CRESTED BUTTE • Dawn Belloise emerges from the post office disgruntled.

Oh, how the place has changed. Lines like you wouldn’t believe! An eon endured in the attempt to send or receive packages.

“Like the vortex!” Belloise says, bursting forth with fiery-dyed hair and furry boots, Star Wars bag in tow.

What am I doing here? she asks. I tell her I’m writing about her town. Her eyes widen.

“Don’t advertise us!”

But how nice to see a familiar, friendly face. It’s Shelley Popke, another local who was showing me around Elk Avenue, pointing out the historical Victorian buildings along the main drag. And Popke is glad to see Belloise, because look what she’s wearing: the silver necklace Belloise picked up for her that one time in Thailand.

“Oh, beautiful!” Belloise says.

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Dawn Belloise has left Crested Butte twice over the past 40 years, moving once to Boulder and once to New York City. But she always returned to the Colorado mountain town. “It’s a place that gets into your blood, under your skin,” Belloise said.

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Such is a common interaction in Crested Butte. After Belloise and I finished chatting at a bar — the locals’ bar, where she hugged just about everyone who came in — here’s another that occurred:

“Hi, sweet love!” a woman hollered to Belloise, who promptly came to her side, helping unload boxes from the car. Blank pottery was being ferried into the distillery for a night of painting, and “a strong man” was needed for a few boxes, this woman told me.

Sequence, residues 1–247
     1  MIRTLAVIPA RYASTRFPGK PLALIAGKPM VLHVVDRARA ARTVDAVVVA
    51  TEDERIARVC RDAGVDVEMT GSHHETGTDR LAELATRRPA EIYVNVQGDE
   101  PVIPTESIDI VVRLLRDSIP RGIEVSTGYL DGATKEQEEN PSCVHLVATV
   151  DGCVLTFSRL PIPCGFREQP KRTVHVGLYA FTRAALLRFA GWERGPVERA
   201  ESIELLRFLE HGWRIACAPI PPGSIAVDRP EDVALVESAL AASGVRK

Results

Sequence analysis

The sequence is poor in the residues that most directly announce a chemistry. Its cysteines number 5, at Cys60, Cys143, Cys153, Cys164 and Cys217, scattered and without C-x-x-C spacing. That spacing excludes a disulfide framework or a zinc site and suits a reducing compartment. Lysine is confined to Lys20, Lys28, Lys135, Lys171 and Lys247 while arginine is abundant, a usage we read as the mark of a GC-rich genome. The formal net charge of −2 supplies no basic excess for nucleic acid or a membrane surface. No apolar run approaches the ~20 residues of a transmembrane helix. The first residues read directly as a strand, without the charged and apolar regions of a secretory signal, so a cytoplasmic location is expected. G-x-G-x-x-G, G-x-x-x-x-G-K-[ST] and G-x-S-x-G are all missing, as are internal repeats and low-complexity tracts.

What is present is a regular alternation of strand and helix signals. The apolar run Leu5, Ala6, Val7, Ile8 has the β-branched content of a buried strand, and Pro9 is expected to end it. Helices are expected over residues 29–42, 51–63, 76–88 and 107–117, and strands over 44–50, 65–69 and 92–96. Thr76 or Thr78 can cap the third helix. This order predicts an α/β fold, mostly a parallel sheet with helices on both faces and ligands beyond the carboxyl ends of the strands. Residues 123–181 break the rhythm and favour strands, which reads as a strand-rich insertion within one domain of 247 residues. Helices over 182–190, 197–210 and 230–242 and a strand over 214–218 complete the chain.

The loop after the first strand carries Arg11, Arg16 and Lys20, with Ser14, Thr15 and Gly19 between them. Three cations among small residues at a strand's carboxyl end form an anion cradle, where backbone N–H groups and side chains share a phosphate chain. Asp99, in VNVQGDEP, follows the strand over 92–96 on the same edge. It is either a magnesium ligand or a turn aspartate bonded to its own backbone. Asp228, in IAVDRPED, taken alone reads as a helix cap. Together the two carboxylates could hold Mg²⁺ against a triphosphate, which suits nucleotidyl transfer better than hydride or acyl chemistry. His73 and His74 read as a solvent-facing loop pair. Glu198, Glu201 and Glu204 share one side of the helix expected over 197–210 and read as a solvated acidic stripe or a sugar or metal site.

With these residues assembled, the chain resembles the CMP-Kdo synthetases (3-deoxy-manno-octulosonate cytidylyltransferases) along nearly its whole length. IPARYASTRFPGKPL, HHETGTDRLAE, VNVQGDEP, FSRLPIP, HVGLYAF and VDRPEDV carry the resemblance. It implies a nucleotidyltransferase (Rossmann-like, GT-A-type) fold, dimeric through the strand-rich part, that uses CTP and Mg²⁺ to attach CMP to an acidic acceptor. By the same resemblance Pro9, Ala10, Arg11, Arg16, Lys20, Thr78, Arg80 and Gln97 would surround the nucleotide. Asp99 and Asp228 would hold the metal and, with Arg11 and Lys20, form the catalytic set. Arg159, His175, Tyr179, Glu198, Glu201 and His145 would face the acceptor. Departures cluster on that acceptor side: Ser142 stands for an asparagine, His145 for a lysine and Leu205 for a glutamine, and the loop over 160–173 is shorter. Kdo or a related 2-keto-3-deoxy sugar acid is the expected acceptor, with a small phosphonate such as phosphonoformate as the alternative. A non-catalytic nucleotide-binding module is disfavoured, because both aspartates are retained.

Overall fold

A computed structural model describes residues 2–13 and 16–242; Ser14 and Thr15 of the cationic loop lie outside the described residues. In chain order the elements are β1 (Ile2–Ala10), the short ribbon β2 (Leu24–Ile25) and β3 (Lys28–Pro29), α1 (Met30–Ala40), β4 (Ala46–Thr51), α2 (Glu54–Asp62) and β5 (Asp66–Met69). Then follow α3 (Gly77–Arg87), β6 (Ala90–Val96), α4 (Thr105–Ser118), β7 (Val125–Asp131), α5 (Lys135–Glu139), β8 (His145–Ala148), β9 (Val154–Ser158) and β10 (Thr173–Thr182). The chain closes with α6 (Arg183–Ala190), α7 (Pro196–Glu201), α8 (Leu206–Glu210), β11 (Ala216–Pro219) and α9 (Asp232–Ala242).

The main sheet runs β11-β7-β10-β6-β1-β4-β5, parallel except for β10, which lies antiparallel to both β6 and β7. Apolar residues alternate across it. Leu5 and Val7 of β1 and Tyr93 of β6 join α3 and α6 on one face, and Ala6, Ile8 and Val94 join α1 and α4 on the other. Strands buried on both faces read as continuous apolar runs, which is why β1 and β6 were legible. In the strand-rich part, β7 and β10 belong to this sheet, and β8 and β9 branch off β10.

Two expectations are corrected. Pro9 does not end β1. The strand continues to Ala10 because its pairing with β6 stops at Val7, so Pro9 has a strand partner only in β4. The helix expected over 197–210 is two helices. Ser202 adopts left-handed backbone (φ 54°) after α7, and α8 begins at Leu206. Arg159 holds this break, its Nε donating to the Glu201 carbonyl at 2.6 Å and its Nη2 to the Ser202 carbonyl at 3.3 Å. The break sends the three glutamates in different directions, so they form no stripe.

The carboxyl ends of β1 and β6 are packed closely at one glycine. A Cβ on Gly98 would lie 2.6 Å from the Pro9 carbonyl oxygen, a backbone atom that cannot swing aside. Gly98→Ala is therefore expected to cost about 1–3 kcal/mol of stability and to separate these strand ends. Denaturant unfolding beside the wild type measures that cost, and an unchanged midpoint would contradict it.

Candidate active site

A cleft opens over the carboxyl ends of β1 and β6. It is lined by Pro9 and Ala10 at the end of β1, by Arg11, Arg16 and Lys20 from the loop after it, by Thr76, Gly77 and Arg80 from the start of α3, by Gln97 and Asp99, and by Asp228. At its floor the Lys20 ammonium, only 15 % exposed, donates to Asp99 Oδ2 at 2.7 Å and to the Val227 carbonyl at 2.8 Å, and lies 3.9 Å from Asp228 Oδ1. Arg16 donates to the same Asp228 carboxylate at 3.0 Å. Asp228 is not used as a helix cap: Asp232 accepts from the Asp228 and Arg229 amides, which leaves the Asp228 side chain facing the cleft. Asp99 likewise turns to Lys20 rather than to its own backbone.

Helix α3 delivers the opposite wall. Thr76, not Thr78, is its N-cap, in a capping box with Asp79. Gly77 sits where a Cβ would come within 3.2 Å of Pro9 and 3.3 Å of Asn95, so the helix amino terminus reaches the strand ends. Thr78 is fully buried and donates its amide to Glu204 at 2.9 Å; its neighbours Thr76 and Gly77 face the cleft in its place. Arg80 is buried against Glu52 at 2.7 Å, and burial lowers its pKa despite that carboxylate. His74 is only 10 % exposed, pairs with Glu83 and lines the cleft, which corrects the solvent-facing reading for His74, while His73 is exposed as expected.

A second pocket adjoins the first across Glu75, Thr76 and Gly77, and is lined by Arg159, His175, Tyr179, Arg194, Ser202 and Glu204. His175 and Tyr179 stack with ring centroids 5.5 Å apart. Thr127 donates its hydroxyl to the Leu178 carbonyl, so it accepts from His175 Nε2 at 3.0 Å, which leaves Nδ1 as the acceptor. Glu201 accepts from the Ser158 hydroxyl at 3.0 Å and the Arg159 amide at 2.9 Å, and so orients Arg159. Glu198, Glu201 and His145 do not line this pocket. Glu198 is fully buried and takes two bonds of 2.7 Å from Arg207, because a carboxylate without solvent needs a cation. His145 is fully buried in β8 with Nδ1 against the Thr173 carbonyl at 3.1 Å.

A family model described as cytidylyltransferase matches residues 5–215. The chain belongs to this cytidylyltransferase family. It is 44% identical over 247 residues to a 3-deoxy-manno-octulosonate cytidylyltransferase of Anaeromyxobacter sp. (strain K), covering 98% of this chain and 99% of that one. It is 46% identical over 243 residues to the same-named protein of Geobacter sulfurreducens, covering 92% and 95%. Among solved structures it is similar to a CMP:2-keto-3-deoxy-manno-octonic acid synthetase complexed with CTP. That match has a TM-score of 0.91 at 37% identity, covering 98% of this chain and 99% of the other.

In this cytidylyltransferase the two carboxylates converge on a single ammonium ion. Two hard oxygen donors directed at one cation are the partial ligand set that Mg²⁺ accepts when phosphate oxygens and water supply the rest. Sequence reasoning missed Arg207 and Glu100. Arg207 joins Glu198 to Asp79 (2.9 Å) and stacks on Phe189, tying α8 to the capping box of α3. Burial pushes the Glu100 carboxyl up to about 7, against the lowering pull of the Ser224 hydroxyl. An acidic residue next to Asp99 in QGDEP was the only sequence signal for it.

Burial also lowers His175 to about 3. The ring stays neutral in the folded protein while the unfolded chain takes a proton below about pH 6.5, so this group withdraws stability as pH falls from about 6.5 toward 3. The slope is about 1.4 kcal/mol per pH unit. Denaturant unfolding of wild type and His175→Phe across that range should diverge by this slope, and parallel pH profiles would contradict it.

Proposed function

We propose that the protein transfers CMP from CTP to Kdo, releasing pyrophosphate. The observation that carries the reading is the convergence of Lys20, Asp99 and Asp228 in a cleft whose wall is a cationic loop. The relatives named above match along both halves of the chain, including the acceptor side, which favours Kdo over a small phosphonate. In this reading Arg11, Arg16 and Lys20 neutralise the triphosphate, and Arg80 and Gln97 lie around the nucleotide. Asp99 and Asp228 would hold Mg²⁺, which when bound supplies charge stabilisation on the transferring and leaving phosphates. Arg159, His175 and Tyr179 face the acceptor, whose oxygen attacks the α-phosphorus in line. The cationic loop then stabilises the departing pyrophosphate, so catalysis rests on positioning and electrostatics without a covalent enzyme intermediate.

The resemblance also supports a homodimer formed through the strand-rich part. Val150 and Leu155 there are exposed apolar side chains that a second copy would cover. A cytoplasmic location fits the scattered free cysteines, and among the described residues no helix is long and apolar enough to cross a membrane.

“God bless you!” she said, embracing me.

Strangers get along, but these are Belloise’s people. The reason she’s always come back to Crested Butte over the past 40 years. One time she left for Boulder; another time she tried the starving artist thing in New York City. But this place always called her back — even if it required her working multiple jobs, as many must in Crested Butte.

One has her writing profiles for the town newspaper. “The last question I ask everybody in those profiles is, ‘Why are you here? What is it that’s kept you here?’ I get the same answer: the people.”

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Shelley Popke, who works at the Crested Butte Mountain Heritage Museum, tells the history of Kochevar’s Saloon & Gaming Hall in December. Jacob Kochevar built the structure in the late 1880s, intending to have a saloon on the first floor and a brothel on the second, with windows and a balcony for the ladies to show off their goods. Kochevar’s wife nixed his plans for the second floor when she arrived in Crested Butte, Popke said. The balcony was never finished, and the windows were covered.